Come on, don't knock it. What else do you and your jaded creative homies have to do on Saturday night? Grab a camera and pool your shaving cream; think of it as a company morale-builder.
In the continuing saga of Carlos Mandelbaum and his insightful take on the state of marketing today, his latest outing examines the fantasy life of corporate managers. Mandelbaum ponders the penchant of corporate managers to fantasize they are warriors or mystics or...students getting all philosophical and intellectual by enjoying mind-expanding lectures by really cool professors...like the dude that did those weird UPS whiteboard ads.
To better represent the interest of its users, whose lives "[revolve] around social and user generated media," Skittles tore a sheet out of Modernista's playbook and relinquished control of its website.
Visits to Skittles.com drive users to the Wikipedia article about the company, with navs featured in a pop-up that explains what users are looking at (Modernista has one of these too):
"Don't sweat it, this is still Skittles.com. It just has a new twist. User this as your guide to find anything and everything Skittles that's online. Have fun."
Interesting. When Modernista surrendered itself to the Zeitgeist
, we thought the move was brave and forward-moving, not least because it nods to pure transparency. (We saw that earlier this month
, when Modernista's "n3wz" section, which points to either Google News or Google Blog Search, was deluged with articles about layoffs at the agency.)
It also opens the label up to just general meanness. Modernista hardly had its new "site" up 24 hours before Wikipedia yanked its page. Modernista.com now points to the Facebook Fan page.
Aaaanywho, the Skittles "site" model will work about the same way. The nav bar will drive you to places all over the "interwebs," including YouTube and flickr. We like that "CHATTER" points to a search for "skittles" on Summize, meaning you can read everything Twitter users are tweeting about Skittles in real-time.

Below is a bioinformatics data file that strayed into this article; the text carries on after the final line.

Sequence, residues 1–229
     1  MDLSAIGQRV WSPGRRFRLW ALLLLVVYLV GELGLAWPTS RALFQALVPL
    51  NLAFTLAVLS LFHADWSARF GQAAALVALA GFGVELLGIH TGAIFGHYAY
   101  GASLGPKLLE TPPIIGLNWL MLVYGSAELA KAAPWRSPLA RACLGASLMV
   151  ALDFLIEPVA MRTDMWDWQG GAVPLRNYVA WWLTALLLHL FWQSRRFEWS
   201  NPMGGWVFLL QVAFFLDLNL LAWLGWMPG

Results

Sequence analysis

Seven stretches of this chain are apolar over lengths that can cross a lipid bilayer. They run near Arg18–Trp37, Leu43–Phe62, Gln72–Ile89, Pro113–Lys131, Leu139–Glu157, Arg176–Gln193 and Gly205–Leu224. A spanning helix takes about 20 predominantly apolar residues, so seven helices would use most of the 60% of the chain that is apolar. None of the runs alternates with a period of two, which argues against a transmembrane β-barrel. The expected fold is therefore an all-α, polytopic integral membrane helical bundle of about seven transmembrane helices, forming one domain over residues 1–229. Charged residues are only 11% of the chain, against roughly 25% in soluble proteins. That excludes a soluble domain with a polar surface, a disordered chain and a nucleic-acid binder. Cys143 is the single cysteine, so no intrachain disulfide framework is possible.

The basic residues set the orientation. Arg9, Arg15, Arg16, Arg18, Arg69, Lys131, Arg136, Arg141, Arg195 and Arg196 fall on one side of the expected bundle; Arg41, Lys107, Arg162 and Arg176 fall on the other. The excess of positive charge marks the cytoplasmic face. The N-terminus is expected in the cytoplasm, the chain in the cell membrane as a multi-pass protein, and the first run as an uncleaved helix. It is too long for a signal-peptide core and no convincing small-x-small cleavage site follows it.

UPDATE, 9:45 AM EST on 2/28/09: Skittles.com now points directly to Summize results for "skittles." Looks like Wikipedia is an equal-opportunity antagonist -- although Wiki articles are still used in the "PRODUCTS" section.
- Havas Digital has partnered with global social graph mapping company Media6Degrees to help the agency "integrate consumer insights with hyper-targeting and provide increased value for their advertisers." Damn, that was mouthful!
- Mullen has reeled in the American Diabetes Association account and has signed a three year contract with the organization.
- In the UK, they stick human beings inside vending machines to sell Kit Kats. Those witty Brits!
- Crispin Porter + Bogusky does the celebrity magazine thing for Old Navy.
- Not anywhere near as inspired as the Where the Hell is Matt Harding videos, this following "Winfomercial" attempts to...I don't know...turn a game show into a commercial?
- In case you needed even more proof America is the kingdom of the superficial, check out this Sarah Haskins Target Women video about skin care products.
You know how old people always dance to, well, old music? That's because it's the music they grew up with. They didn't have rock, hip-hop, trance, disco, new age and they certainly didn't have Jumpstyle.
According to this Duval Guillaume-created commercial for the Agricultural Marketing Board of Flanders, "People always dance to music from their youth." We see a loving old couple dancing to some old tune and then...quick cut...to two dudes doing Jumpstyle with the tag, "So you know what's awaiting you. Start drinking milk."
Did we or did we not tell you eight months ago this dance craze would soon appear in an ad? Oh yes we did, brotha!
Angela and I learned Jumpstyle today. If you're lucky, you'll get to see us do it at the next ad conference. It should be good for a laugh.